34. In this regard, the islanders bypass most other peoples. Indeed, according to the latest research, only about 75% of the world's population speaks two or more languages (multilingualism) to one degree or another.
35. Although plantation slavery was abolished in the island nation as early as 1834, Saint Lucia remained an island dependent on agricultural production and cheap manual labor for a long time.
36. Agriculture was concentrated on the cultivation of sugar cane. In 1964, sugar cane plantations were converted to banana production.
37. Bananas are still the main crop on the island to this day, complemented by the production of coconuts, cocoa, citrus fruits, spices, cassava, and sustainable fishing industry.
38. But Saint Lucia is not a "banana republic." Rapidly developing since the 70s of the last century, tourism is vital to the economy of the Caribbean state.
39. The most significant number of tourists visit the island by sea on cruise ships through one of the five major ports. The completion of the construction of a new terminal for Quantum-class cruise ships gave an enormous impetus to the development of cruise tourism.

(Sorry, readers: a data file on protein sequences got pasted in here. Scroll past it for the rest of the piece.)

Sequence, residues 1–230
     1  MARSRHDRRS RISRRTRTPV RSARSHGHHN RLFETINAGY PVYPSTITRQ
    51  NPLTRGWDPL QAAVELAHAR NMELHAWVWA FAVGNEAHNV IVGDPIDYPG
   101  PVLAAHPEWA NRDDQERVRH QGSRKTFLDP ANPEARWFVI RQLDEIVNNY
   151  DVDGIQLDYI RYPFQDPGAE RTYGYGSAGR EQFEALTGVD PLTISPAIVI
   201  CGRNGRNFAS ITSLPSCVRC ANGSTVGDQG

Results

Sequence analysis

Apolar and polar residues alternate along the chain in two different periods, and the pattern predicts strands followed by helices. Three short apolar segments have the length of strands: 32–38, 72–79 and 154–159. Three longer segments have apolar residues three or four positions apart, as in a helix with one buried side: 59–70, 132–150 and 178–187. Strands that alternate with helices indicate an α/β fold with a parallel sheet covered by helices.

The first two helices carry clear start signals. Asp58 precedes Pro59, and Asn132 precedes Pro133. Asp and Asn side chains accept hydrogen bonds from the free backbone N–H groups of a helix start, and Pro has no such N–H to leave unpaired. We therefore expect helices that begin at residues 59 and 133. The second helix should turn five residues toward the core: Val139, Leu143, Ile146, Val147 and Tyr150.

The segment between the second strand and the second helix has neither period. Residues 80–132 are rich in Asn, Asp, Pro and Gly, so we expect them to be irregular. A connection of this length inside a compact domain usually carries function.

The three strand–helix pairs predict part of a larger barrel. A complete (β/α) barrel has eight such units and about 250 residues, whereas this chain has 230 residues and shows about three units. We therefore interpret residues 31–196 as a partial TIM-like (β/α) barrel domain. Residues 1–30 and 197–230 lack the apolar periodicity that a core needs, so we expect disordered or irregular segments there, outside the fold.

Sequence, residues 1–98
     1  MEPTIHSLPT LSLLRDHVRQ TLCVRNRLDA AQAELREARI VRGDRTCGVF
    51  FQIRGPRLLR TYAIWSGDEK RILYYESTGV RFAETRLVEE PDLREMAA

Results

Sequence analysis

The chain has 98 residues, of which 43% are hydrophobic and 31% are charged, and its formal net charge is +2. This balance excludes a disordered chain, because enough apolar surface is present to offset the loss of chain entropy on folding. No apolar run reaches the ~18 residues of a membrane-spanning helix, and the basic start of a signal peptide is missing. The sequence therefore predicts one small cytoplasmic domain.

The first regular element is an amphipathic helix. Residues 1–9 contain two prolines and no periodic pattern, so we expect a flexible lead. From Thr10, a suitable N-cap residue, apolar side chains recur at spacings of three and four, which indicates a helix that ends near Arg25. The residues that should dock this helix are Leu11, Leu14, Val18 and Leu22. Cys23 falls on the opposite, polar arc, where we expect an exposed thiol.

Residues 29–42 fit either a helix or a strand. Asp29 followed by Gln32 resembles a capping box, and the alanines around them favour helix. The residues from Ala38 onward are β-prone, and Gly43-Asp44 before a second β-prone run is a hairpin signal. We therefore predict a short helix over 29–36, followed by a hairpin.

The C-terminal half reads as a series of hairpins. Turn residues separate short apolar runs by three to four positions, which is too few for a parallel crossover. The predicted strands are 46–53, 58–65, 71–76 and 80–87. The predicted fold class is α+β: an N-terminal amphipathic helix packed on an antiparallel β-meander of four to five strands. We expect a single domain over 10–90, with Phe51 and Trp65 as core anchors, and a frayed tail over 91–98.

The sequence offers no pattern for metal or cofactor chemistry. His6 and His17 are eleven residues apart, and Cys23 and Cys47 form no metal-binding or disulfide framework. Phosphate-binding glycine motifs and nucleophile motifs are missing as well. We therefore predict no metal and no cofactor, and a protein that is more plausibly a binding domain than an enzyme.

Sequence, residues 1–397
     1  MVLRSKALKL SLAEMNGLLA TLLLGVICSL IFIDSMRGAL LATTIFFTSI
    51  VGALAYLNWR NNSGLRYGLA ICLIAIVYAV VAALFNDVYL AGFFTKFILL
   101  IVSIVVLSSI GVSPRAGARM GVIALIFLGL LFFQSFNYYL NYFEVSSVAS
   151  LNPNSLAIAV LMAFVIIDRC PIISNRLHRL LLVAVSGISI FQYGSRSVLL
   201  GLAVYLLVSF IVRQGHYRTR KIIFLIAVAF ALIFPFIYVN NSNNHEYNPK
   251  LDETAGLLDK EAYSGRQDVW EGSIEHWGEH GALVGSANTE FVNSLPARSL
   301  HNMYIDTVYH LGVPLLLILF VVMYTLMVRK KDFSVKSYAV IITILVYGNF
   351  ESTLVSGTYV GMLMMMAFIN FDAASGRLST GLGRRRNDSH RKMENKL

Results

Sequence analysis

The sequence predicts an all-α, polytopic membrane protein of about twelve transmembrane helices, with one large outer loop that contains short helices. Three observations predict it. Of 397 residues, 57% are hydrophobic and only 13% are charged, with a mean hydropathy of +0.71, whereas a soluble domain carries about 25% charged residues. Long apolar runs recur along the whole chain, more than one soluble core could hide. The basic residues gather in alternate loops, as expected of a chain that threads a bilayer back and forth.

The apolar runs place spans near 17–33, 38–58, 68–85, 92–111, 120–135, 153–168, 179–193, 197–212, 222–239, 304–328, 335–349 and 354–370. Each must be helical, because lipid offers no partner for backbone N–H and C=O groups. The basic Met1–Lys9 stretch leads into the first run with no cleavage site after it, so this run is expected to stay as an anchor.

40. Ports are connected with the capital and other cities by a ring road that runs throughout the island. Tourists here can rent not only cars but also yachts or helicopters.
41. Islanders lived long in warmth and were surrounded by lush vegetation. The average life expectancy in Saint Lucia is 72 years. The officially registered literacy rate of the local population is about 67 percent of the people.
42. This Caribbean island nation is the same size as Islay in Scotland. And if Islay is known for single malt Scotch whiskey (Laphroaig or Lagavulin), then St. Lucia has become famous for slightly different alcoholic beverages. We are talking about popular varieties of rum, such as Chairman's Reserve and Rodney's Reserve.
43. To attract more wealthy guests to the island, its authorities periodically arrange large-scale cultural events. So, the islanders hold a variety of sports festivals.
44. An annual jazz festival is also held there, attracting tourists and musicians from all over the world to the resorts of St. Lucia. The festival's grand finale takes place on Pigeon Island, located to the north of the country's main island of Saint Lucia, also called similarly.
45. Despite a relatively modest population, this country can boast of having two Nobel Prize winners among its citizens at once. Sir Arthur Lewis, born in Saint Lucia in 1915, was awarded the Nobel Prize in Economics in 1979. Derek Walcott, awarded the Nobel Prize in Literature in 1992, was born in Castries in 1930.